1Melbourne great Cameron Smith has finally confirmed he is retiring from the NRL after 19 seasons, with the Storm’s 2020 grand final win his last match.
Cameron Smith’s Melbourne Storm career fittingly ended right where it began.
As an 18-year-old Smith made his NRL debut in 2002 at the old Olympic Park.
Now 37, Smith stood looking over that ground as he called time on his NRL career after “wrestling” with the decision for the past four months.
And his statue, which sits between their old home ground, and the current one AAMI Park, will ensure Smith is always a part of Melbourne.
His retirement brings to a close an extraordinary 19-season career that has him touted as a future rugby league Immortal.
The Brisbane-born hooker played a record 430 games and is the only player in history to surpass 400.
Smith says he only made a decision last week and thought the unveiling of the statue would be the perfect spot to make it public.
He told coach Craig Bellamy and football manager Frank Ponissi on Wednesday morning before letting his teammates and club staff know just before the formalities.
“I’ve spent a few months up in Queensland with the family and had really good opportunities to think over my thoughts on playing on or not,” Smith said on Wednesday.
“I look back on my career and found I was very fortunate to be part of a wonderful organisation filled with many great footballers and great people and it felt like the right time to finish off the back of what was a very successful season last year.
“I couldn’t have asked for more than finishing with the premiership for a club I played my entire career with.”
He said his decision was made more difficult in that he still felt physically and mentally capable of going around for a 20th season.
“I still felt my form was good enough to play in the NRL but at the end of the day once I spent good quality time with my family up in Queensland I knew it was the right time to finish.
“It just gives me the opportunity to enjoy the next phase of my life – hopefully it will involve rugby league in some capacity but the most important thing for me is my family.”
It was Smith’s first official Storm appearance since their 2020 grand final win over Penrith and comes just a day out from the club’s NRL season opener against South Sydney.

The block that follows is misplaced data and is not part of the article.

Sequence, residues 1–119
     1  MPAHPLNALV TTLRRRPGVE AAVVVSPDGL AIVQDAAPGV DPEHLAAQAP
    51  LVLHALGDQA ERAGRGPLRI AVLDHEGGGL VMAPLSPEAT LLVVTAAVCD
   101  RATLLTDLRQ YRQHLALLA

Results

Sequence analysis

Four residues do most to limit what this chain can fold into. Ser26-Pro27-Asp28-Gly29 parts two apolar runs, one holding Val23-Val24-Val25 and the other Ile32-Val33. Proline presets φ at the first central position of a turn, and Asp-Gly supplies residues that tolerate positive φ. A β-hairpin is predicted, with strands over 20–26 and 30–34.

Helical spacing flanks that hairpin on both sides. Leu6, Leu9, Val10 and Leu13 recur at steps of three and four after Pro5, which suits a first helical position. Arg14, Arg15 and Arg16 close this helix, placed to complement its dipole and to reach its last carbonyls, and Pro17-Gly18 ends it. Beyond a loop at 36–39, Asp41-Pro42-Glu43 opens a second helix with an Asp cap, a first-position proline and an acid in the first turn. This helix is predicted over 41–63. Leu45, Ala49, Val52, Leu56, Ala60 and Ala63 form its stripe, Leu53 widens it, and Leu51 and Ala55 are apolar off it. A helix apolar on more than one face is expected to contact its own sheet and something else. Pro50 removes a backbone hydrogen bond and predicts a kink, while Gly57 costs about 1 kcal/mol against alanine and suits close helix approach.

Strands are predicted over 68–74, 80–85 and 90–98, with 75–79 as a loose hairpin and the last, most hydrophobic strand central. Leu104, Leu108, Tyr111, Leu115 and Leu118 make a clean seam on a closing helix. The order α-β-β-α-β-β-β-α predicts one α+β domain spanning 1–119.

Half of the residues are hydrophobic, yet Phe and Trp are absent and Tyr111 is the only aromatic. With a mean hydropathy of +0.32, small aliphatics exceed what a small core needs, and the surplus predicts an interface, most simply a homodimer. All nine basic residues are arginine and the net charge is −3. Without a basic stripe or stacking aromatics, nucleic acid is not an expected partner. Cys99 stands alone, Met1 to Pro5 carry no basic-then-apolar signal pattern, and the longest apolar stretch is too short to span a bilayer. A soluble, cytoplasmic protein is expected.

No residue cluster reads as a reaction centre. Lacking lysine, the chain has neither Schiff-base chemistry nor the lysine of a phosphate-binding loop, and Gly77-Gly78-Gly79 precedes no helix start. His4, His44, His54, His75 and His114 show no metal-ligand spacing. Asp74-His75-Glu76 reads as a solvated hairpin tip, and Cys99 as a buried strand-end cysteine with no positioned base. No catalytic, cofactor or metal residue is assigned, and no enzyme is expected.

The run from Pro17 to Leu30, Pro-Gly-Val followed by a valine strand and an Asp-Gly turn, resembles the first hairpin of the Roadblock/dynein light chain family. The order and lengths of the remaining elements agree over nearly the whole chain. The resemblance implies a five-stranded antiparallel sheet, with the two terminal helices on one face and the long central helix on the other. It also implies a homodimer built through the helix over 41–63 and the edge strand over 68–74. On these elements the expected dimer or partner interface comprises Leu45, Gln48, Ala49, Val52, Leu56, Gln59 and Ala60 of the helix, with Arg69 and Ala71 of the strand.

Smith said he won’t be at the game as it’s his oldest daughter Jada’s 13th birthday but he intends returning to a home match to farewell the Storm faithful.
He’s the last to retire of Melbourne’s so-called “Big Three”, that included Cooper Cronk and Billy Slater, who were so integral to the club’s sustained success.
Slater’s statue, also unveiled Wednesday, sits alongside Smith’s, with the retired fullback paying tribute to his teammate and great friend.
“I still remember when we were 18 years old in Brisbane and Cameron got the call to come down and debut for Melbourne,” Slater said.
“He’s done a whole heap for the game – I don’t know of a more influential player who has played the game.
“He’s certainly contributed a whole heap to my career and what I’ve been able to do on the football field.”
Playing in eight grand finals, Smith steered the Storm to NRL premierships in 2007, 2009, 2012, 2017 and 2020, although the first two titles were later stripped for salary-cap breaches.
The durable hooker was also instrumental in Queensland’s eight-year State of Origin reign between 2006 and 2013, while he was represented Australia from 2006 until his 2017 retirement from representative football.
While he has moved to the Gold Coast, Smith said he had already been in talks with the Storm about his future involvement but he was in no rush.
“I’ve really enjoyed having my own time to do my own thing away from the career I’ve had and the demands of the NRL.
“It’s been refreshing to be able to able to pick and choose what I’d like to do rather than be dictated to by a training schedule or a season draw.”